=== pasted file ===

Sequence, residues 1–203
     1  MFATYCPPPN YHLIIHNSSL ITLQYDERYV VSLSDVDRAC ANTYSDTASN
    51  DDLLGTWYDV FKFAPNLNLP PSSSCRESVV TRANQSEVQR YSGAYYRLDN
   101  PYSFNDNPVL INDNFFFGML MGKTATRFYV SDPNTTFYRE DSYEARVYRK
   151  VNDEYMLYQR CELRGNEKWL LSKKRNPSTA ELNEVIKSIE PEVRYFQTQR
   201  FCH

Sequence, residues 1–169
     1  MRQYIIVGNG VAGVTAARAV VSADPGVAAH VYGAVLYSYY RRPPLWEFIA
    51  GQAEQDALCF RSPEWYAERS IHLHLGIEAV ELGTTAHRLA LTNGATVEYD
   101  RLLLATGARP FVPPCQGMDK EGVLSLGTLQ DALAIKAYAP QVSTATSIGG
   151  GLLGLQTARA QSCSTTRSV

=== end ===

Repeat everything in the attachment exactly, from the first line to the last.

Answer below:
Sequence, residues 1–203
     1  MFATYCPPPN YHLIIHNSSL ITLQYDERYV VSLSDVDRAC ANTYSDTASN
    51  DDLLGTWYDV FKFAPNLNLP PSSSCRESVV TRANQSEVQR YSGAYYRLDN
   101  PYSFNDNPVL INDNFFFGML MGKTATRFYV SDPNTTFYRE DSYEARVYRK
   151  VNDEYMLYQR CELRGNEKWL LSKKRNPSTA ELNEVIKSIE PEVRYFQTQR
   201  FCH

Sequence, residues 1–169
     1  MRQYIIVGNG VAGVTAARAV VSADPGVAAH VYGAVLYSYY RRPPLWEFIA
    51  GQAEQDALCF RSPEWYAERS IHLHLGIEAV ELGTTAHRLA LTNGATVEYD
   101  RLLLATGARP FVPPCQGMDK EGVLSLGTLQ DALAIKAYAP QVSTATSIGG
   151  GLLGLQTARA QSCSTTRSV